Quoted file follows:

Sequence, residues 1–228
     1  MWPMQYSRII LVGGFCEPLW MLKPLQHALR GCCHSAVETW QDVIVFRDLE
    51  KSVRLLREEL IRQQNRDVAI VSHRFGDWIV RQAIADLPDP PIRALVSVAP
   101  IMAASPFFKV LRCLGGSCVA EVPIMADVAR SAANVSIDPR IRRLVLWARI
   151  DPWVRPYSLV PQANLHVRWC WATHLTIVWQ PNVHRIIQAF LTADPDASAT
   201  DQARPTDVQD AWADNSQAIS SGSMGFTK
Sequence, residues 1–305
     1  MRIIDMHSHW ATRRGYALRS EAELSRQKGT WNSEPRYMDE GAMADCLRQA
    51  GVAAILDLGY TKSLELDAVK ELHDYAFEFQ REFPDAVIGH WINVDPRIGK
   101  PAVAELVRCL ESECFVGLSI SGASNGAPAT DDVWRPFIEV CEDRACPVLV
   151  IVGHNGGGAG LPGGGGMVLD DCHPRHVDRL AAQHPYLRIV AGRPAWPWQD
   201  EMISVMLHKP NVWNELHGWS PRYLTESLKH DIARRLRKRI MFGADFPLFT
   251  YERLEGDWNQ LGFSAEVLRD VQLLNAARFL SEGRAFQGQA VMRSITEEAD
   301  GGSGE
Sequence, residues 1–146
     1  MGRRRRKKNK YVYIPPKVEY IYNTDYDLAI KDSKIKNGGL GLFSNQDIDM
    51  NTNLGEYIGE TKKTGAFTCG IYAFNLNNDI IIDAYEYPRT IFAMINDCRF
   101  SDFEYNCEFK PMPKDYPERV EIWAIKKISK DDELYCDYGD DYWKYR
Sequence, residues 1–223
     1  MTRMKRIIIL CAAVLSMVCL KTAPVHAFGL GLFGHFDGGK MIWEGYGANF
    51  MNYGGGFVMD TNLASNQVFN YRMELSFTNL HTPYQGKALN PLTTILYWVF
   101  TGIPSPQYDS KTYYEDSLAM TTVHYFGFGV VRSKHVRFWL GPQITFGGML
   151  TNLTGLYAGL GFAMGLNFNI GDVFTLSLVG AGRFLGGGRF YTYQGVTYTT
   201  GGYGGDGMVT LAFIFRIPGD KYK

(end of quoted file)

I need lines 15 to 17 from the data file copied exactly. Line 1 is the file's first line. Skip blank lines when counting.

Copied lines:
Sequence, residues 1–146
     1  MGRRRRKKNK YVYIPPKVEY IYNTDYDLAI KDSKIKNGGL GLFSNQDIDM
    51  NTNLGEYIGE TKKTGAFTCG IYAFNLNNDI IIDAYEYPRT IFAMINDCRF